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This Month's Highlights   |    
This Month’s Highlights
Psychiatric Services 2013; doi: 10.1176/appi.ps.6406TMH
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Copyright © 2013 by the American Psychiatric Association

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As full implementation of the Affordable Care Act (ACA) in 2014 approaches, researchers are analyzing past data in an effort to reduce uncertainty among program administrators and providers, as indicated by two studies in this month’s issue. The ACA is expected to cause shifts in funding for specialty mental health and substance abuse treatment. To provide a baseline for understanding future changes, Katharine R. Levit, B.A., and colleagues analyzed 1986 and 2005 data on funding sources for specialty behavioral health care, including out-of-pocket payments, private insurance, and public funding. They documented substantial changes for hospital-based care, office-based providers, and specialty treatment centers. With ACA’s full implementation, spending will likely increase under private insurance and Medicaid. Parity in private plans will also push a larger share of payments to office-based professionals from out-of-pocket payments to private insurance, the authors conclude (page 512). In states that opt to expand Medicaid, many low-income individuals will gain access to treatment. To assess unmet need for substance abuse treatment among adults expected to be income eligible for Medicaid in 2014—household income less than 138% of the poverty level—Susan H. Busch, Ph.D., and colleagues analyzed data from two groups of respondents to the 2008 and 2009 National Survey on Drug Use and Health: current low-income Medicaid enrollees and currently uninsured individuals who will become Medicaid eligible. The rate of substance use disorders was significantly higher in the latter group (14.6% versus 11.5%). The findings suggest that Medicaid expansion will reduce unmet need for substance abuse treatment, the authors conclude (page 520).

In recent years the U.S. Department of Veterans Affairs (VA) has taken a leadership role in mental health services research. Seven studies in this issue attest to the range of topics currently under investigation by VA researchers. A group that examined longitudinal prescribing patterns for nearly 2,000 veterans with newly diagnosed schizophrenia found that although most patients received guideline-concordant care, antipsychotic polypharmacy was commonly used as initial treatment (page 527). Two studies that assessed the effectiveness of family group therapy for veterans with traumatic brain injury found that participating veterans reported less anger expression and more social support and occupational activity and family members reported decreased burden and increased empowerment (page 534); in a focus group, family members described “powerful experiences of connecting” with a wider social network and reconnecting with their loved ones (page 541). Another VA research group that focused on differences between veterans and adult civilians who responded to a national telephone survey about health and behaviors found that veterans had poorer general health and higher rates of lifetime anxiety disorders (page 547). More than 7,000 veterans discharged from inpatient to outpatient care responded to a VA survey about their experiences, and researchers who examined the data found that patients who felt more informed about treatment and more involved in their care during hospitalization were more likely to participate in mental health care within seven and 30 days of discharge (page 554). Beginning in 2004, the Veterans Health Administration (VHA) has undergone significant organizational transformation as part of a strategic plan to enhance mental health services. An analysis of national data from six annual workplace surveys showed that VHA psychiatrists have become more satisfied with their workplace in several key areas (page 563). Finally, treatment dropout among veterans with serious mental illness was found to be lower among those whose utilization patterns—more outpatient primary care and mental health visits—suggested better engagement. However, veterans with a history of homelessness or service in Iraq or Afghanistan were more likely to drop out (page 594).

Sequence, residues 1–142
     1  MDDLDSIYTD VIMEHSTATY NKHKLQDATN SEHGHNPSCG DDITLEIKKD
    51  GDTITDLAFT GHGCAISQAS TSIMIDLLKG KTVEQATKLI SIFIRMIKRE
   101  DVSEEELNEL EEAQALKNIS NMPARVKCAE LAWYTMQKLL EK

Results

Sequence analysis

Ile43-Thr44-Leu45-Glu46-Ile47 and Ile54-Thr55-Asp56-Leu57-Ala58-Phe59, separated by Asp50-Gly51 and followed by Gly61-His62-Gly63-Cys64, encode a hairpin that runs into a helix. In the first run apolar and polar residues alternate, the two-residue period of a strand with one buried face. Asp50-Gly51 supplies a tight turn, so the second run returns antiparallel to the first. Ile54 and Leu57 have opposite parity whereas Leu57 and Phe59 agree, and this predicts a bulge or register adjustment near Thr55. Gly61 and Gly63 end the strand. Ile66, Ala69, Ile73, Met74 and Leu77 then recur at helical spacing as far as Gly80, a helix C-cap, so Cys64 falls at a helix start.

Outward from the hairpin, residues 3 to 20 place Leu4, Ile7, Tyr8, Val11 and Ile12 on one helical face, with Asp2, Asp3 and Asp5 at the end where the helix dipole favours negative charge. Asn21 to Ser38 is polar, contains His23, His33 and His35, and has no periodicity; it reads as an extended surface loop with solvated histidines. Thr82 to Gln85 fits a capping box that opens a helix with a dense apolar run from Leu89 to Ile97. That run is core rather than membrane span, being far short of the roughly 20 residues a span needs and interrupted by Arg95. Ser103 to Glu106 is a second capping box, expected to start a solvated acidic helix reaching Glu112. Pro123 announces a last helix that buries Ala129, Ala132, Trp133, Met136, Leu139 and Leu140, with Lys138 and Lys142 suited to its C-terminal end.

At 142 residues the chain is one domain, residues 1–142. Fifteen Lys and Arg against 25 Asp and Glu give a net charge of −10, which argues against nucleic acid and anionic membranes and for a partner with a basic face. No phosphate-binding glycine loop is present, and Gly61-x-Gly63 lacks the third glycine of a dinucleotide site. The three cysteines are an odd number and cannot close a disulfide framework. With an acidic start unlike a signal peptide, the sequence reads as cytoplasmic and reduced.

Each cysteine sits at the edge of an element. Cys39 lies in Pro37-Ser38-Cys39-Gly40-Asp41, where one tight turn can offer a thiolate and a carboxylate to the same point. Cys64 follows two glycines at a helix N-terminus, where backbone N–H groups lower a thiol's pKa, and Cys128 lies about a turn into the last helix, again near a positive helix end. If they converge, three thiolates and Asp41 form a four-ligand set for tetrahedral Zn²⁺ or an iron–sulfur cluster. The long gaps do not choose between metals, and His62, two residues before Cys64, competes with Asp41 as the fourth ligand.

The field of dissemination and implementation (D&I) has thrived in recent years through research initiatives by federal agencies and states. D&I researchers seek the best ways to introduce evidence-based practices into real-world settings. This type of “translation” was once seen as a hand-off from one world to another. But D&I researchers are now finding that partnerships blending the worlds of research, policy, and practice are the way to go. In the Research and Services Partnerships column (formerly the Public-Academic Partnerships column), David A. Chambers, D.Phil., and Susan T. Azrin, Ph.D., from NIMH’s Division of Services and Intervention Research, describe three partnered D&I projects that “exemplify the shift in D&I research from a top-down, linear view of the spread of information and interventions to a complex, dynamic cycle of interaction among researchers, practitioners, and policy makers” (page 509).




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